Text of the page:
Most Canadians are living beyond their means, with a debt-to-income ratio of 181 per cent. More than half are within $200 of not being able to cover their bills and loan payments.
These kinds of statistics make Faculty of Education professor Damien Cormier uneasy and prompted him to launch a research project to boost financial literacy in young people.
Young adults are navigating a more complex financial landscape than previous generations, said Cormier, a registered psychologist who teaches in the University of Alberta’s Department of Educational Psychology.
“The financial products available to them are complicated, there are fewer defined pensions, the cost of living continues to rise and wages have stagnated, so it makes sense for this group to be more prepared for these challenges without having to learn by trial and error.”
The research project, launched a year ago under the umbrella of the U of A’s Centre for Research in Applied Measurement and Evaluation, mainly helps establish a strong measure of financial literacy that can then be used to develop school curriculum or reference materials for consumer affairs agencies, said Cormier.
While there is an existing curriculum in some schools, he’d like to see financial literacy taught “more consistently across the board and to be more targeted by fleshing out what we want young people to achieve and how teachers can deliver that content.”
The research conducted over the past year by Cormier, his colleague Okan Bulut and a team of graduate students took a two-pronged approach to building awareness about money and increasing financial literacy. Both components focused on understanding the needs of young people through the lens of psychology.
“Most of the literature on finance appears to be from the fields of business or economics, but psychology has so much to offer in accessing thoughts and feelings about money and knowledge that isn’t easily observable,” said Cormier, adding that finances are reportedly one of the touchiest topics for people.
Student volunteers aged 18 to 24 were asked to complete a number of sentences about personal finance. From that exercise, Cormier’s team got an understanding of people’s affinity for money, as well as their approach to financial decision-making.
“From that, we were able to define some categories which help individualize approaches to teaching about money.”
The second arm of the research project was aimed at developing a scale to measure an individual’s financial literacy.
“The financial literacy measure can tell people where they are in terms of their financial knowledge. The next step will be to figure out where the gaps are.”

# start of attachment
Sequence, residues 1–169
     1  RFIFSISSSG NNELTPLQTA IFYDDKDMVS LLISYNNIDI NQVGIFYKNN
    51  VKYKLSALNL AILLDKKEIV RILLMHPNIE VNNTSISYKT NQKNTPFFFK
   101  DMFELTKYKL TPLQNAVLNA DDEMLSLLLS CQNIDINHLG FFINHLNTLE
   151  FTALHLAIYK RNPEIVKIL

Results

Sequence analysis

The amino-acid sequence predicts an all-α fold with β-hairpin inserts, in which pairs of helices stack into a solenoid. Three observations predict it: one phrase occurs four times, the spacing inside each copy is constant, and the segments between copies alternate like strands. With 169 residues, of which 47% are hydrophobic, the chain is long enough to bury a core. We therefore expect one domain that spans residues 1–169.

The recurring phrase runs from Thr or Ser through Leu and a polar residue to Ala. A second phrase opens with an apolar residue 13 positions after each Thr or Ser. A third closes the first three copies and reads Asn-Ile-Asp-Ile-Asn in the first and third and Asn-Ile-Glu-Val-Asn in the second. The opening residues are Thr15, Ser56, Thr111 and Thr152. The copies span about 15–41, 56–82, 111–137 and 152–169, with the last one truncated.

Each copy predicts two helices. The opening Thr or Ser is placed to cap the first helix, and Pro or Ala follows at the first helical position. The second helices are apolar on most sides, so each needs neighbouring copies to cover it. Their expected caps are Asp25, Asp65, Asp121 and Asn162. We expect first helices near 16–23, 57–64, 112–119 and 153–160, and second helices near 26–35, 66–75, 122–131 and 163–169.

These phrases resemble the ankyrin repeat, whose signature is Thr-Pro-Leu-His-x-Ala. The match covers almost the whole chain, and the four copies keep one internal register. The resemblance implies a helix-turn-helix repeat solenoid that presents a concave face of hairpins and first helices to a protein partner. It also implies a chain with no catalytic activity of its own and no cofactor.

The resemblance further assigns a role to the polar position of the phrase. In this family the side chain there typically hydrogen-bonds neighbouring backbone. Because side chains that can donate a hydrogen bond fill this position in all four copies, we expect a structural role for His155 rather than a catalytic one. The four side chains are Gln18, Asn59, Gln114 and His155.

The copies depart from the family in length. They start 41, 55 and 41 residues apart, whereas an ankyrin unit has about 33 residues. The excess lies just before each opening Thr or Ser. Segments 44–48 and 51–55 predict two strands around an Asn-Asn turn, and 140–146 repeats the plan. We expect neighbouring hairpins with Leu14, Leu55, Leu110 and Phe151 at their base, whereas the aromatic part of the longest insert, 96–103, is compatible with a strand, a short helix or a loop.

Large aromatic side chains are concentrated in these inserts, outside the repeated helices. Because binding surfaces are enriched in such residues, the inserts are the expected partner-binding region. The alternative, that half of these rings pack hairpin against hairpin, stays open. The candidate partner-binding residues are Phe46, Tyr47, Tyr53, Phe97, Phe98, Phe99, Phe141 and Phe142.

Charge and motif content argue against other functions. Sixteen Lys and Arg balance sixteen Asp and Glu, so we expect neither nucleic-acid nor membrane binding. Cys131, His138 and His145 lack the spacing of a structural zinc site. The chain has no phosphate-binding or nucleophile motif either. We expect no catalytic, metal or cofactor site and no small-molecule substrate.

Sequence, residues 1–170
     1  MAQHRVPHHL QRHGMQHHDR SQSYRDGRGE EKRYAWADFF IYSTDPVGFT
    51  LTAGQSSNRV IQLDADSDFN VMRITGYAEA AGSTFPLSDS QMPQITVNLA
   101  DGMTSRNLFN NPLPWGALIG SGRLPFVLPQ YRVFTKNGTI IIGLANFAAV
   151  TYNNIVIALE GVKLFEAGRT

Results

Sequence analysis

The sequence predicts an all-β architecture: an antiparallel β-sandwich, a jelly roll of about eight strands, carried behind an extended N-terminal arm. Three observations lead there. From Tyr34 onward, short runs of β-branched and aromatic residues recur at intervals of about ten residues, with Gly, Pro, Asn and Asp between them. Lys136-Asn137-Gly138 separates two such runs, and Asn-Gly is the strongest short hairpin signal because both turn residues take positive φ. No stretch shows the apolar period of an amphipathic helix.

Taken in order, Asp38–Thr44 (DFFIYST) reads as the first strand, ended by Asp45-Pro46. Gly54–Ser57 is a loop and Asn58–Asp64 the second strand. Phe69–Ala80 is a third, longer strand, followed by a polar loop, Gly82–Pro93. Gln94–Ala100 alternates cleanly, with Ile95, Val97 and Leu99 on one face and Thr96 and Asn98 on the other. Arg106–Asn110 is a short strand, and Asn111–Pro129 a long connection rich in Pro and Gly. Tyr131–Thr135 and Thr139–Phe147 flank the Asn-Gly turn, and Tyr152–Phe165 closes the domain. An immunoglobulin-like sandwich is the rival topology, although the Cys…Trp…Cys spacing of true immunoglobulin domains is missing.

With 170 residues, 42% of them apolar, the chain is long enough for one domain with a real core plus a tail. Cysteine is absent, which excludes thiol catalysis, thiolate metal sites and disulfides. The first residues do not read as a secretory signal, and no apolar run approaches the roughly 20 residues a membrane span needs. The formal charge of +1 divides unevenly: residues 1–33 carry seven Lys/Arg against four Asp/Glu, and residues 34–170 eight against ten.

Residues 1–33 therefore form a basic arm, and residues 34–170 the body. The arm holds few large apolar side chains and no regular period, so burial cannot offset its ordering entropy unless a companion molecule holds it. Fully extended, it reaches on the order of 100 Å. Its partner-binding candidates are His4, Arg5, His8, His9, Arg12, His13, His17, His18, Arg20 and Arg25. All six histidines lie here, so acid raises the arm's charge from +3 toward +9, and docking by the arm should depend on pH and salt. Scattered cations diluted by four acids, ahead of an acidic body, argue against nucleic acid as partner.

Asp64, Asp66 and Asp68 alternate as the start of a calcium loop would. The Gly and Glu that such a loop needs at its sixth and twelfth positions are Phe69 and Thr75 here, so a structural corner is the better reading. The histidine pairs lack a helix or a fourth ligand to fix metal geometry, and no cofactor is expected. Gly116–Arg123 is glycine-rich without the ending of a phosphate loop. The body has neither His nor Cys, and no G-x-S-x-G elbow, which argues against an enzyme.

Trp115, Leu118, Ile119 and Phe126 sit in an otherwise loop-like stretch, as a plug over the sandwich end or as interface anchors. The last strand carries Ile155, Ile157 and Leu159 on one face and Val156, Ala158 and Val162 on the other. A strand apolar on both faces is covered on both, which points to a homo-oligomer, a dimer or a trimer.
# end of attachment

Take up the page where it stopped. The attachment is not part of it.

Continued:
For example, if someone hasn’t developed a good understanding of the relationship between income and debts, they may not do well with money management. One of the findings that was significant in defining next steps was that people who dislike math tend to have lower financial literacy.
“This leads us to not just focus on building their knowledge of financial terms, but also to help them develop good math skills so they are more likely to avoid costly mistakes and maximize their monetary outcomes,” Cormier said.
He plans to publish research papers from the current project and to conduct further research that focuses on teenagers to help prepare them as they start to hit financial milestones.
“The key is starting as early as possible because that’s how you can maximize positive outcomes. By the time you hit 18, you could be on the cusp of making some of the biggest financial decisions of your life, like buying your first car or house.
“One of our goals now is to assess adolescents and group them according to their financial literacy to look at the predictors associated with different levels of literacy.”
Cormier would eventually like to reach preteens, as well.
“If we can provide them with structured instruction through the K-to-12 education system and they take it into adulthood, they’ll have some baseline financial literacy to be able to navigate the world more effectively.”
The project was funded by a Killam Research Fund grant and by the Faculty of Education.
| By Bev Betkowski
This article was submitted by the University of Alberta’s Folio online magazine. The University of Alberta is a Troy Media Editorial Content Provider Partner.
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